Federal Reserve hikes Rate And Lowers The 2019 Projections To Two Rises

Federal Reserve hikes Rate And Lowers The 2019 Projections To Two Rises

Federal Reserve hikes Rate And Lowers The 2019 Projections To Two Rises

The Bank of England said on Thursday that Brexit uncertainty had "intensified considerably" over the last month, and trimmed their forecast for quarterly economic growth in the last three months of 2018.

U.S. President Donald Trump on Thursday said border security must be part of legislation to fund the U.S. government, a position that raises the threat of a partial federal shutdown on Saturday.

"I think he's put the Fed in a hard position because there's a pretty good case for not raising rates now", Nobel Prize-winning economist and New York Times columnist Paul Krugman told CNN this week, adding that not raising rates "would look like they're allowing themselves to be bullied".

"The Fed is going to be much more cautious about rate hikes next year as the economy slows significantly", Jones said.

When asked about pressure from the White House, Powell said "We're going to do our jobs the way we've always done them", stressing the importance of the Fed's independence from political pressure. "That doesn't take away the President's right to state his opinion on a particular matter".

"The risk-off environment and expectations for a slowdown next year should be supportive for gold", said Craig Erlam, an analyst at OANDA, adding that a bounce in the U.S. dollar had taken the edge off gold's recent rally.

He has also proactively upped his visits to Capitol Hill, meeting with lawmakers and their staff to understand and address their concerns.

Federal Reserve Chairman Jerome Powell will hold a press conference at 1930 GMT to explain the central bank's thinking. Wednesday's was the Fed's ninth hike since it began gradually tightening credit three years ago.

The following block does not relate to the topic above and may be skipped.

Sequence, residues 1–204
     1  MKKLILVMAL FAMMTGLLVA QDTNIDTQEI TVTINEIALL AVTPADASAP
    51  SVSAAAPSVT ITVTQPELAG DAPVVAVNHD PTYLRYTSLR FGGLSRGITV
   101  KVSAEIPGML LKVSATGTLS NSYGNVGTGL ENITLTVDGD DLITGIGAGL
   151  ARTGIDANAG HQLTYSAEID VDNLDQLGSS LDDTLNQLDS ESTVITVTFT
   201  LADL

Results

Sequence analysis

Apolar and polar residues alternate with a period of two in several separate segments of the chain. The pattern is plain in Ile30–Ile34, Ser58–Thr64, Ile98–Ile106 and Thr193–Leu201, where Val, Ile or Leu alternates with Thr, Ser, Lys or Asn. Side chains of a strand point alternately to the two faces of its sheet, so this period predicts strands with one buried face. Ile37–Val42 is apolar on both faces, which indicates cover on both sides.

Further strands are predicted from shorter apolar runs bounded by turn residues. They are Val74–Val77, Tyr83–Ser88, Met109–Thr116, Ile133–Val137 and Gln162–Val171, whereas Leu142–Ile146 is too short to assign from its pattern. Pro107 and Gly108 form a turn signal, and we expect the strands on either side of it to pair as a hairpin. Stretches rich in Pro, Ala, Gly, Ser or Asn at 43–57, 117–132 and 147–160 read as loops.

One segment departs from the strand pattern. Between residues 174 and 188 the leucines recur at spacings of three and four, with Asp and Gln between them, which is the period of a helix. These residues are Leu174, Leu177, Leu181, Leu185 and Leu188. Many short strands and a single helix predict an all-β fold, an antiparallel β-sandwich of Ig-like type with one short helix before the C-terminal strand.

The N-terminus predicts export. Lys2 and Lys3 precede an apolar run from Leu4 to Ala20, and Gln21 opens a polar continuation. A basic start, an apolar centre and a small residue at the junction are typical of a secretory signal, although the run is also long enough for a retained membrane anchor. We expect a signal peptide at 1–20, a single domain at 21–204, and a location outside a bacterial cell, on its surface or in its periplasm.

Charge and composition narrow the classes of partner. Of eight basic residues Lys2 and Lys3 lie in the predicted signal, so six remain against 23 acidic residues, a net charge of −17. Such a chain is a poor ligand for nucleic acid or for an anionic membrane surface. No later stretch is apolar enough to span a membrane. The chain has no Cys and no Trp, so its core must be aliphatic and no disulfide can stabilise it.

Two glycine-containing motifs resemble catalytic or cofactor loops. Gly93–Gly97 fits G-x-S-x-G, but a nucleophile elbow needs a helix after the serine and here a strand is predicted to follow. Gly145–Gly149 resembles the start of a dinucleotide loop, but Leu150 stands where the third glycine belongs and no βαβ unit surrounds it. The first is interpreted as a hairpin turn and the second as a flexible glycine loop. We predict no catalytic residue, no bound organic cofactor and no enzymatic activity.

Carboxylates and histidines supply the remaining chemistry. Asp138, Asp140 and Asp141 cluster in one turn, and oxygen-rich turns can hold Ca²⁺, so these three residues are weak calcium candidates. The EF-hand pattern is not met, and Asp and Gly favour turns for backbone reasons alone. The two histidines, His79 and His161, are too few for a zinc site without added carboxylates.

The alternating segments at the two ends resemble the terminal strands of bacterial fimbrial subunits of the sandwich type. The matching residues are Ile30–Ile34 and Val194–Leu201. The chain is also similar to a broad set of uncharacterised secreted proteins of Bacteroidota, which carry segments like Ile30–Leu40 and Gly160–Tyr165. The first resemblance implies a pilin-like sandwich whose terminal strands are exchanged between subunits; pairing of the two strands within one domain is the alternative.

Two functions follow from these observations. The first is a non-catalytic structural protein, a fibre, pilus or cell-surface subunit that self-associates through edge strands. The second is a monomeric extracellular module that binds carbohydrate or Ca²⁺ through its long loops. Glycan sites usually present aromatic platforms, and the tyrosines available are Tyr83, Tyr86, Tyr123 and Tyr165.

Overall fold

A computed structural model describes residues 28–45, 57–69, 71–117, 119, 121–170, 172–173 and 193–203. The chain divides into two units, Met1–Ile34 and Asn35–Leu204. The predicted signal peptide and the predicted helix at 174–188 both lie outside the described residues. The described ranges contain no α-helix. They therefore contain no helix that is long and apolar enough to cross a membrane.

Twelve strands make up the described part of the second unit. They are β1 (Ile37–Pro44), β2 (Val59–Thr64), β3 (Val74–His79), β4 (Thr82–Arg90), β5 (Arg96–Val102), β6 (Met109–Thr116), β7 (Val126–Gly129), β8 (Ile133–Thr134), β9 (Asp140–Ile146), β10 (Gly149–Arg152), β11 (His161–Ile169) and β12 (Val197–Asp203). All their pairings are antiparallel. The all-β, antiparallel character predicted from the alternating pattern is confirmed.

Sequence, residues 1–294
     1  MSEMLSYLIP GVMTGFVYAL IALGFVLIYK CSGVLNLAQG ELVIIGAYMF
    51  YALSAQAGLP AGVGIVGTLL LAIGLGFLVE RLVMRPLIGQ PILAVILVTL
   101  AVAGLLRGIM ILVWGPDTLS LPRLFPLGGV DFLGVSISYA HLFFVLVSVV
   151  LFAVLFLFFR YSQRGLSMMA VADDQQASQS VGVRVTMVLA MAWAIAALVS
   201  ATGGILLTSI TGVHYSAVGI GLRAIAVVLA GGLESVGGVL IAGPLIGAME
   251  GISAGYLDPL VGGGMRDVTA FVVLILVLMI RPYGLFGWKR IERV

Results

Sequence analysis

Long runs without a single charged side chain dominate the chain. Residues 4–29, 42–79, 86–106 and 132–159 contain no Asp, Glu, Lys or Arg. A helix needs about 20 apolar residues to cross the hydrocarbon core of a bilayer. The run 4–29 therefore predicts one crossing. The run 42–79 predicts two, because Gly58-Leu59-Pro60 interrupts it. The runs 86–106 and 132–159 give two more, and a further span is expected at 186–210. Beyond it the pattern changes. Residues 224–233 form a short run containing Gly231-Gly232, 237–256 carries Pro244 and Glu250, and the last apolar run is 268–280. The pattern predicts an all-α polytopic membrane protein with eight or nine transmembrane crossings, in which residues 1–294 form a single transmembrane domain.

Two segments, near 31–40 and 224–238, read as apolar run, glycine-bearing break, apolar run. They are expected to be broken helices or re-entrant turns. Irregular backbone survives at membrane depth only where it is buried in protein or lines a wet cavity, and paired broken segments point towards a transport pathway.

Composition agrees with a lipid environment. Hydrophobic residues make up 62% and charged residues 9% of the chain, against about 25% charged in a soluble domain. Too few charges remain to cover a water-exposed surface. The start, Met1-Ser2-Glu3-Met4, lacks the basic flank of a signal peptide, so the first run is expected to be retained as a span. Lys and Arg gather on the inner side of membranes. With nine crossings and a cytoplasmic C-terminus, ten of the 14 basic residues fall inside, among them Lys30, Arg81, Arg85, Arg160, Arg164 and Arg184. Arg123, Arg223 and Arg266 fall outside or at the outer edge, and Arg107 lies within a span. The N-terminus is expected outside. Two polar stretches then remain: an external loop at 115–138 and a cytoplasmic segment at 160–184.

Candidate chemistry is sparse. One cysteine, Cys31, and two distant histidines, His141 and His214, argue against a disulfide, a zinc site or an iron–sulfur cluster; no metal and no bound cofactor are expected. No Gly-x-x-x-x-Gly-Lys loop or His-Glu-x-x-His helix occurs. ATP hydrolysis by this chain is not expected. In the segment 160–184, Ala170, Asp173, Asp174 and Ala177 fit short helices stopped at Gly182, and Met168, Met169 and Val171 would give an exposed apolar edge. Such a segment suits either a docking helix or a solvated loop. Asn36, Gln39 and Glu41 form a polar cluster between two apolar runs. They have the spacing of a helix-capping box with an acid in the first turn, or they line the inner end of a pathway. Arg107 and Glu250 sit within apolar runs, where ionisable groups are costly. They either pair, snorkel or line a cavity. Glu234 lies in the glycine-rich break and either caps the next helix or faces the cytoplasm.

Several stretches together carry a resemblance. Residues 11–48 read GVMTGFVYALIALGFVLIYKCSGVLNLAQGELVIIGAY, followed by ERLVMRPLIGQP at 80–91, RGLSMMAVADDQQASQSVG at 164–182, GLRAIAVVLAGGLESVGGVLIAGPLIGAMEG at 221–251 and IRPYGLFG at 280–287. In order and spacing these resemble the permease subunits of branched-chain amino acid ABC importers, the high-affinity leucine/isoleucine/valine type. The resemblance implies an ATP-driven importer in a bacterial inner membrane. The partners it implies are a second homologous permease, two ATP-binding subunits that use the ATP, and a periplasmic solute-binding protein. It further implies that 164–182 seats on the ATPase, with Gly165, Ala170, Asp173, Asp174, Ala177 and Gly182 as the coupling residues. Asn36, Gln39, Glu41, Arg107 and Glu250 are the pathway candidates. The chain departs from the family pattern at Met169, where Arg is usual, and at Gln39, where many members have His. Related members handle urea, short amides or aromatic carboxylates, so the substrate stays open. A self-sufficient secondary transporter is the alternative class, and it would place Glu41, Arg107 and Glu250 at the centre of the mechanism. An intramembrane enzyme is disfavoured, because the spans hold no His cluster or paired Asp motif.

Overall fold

Jan Hatzius, chief United States economist for Goldman Sachs, recently wrote in a note to clients that given the "hot-and-cold messaging" from the committee, the press conference will be particularly important. In Fed parlance, it will be "data-dependent".

The Federal Reserve raised interest rates Wednesday for the fourth time this year, but signaled a more patient approach raising rates next year amid signs that the economy is starting to weaken. Auto and home sales have slumped as interest rates have climbed. Four of those increases have been under Powell.

The central bank is holding is final monetary policy meeting of the year on Tuesday and Wednesday.

"Feel the market, don't just go by meaningless numbers", Trump tweeted, adding "Good luck!" The central bank now appears to be eyeing at least two more rate hikes in 2019.

Presidents Lyndon Johnson and Richard Nixon fought with their Fed chairs. But its updated forecast projects just two rate hikes next year, down from three that the Fed had predicted in September. In one of them, he called it "incredible" that the Fed would consider raising rates again when "the outside world is blowing up around us".

What's unusual is the fact that Trump hasn't hesitated to unleash his fury publicly on Powell. saying he isn't even "a little bit happy" with him and calling his decision to raise rates a "mistake". The president has complained that the moves are threatening the economy. Those private misgivings have come in tandem with fury at Powell, who Trump blames for the situation.

USA stocks are on pace for their biggest December decline since 1931, the depths of the Great Depression. All the major averages are lower for the year, making this the first down year for stock investors in a decade.

US stocks had been up sharply before the Fed's announcement, but the Dow Jones Industrial Average closed down about 352 points.

Trump has repeatedly broken with the norm respected by USA presidents of recent decades who refrained from criticizing the Fed.

While economic conditions have not "changed enough yet to cause a dramatic slowing in growth" of the USA economy, "Fed officials are widely expected to deliver a 'dovish hike, '" Jim O'Sullivan of High-Frequency Economics said.

"This is a Fed that has gone through some pretty heavy criticism during the financial crisis, and they kept doing what they needed to do", said Diane Swonk, chief economist at Grant Thornton.

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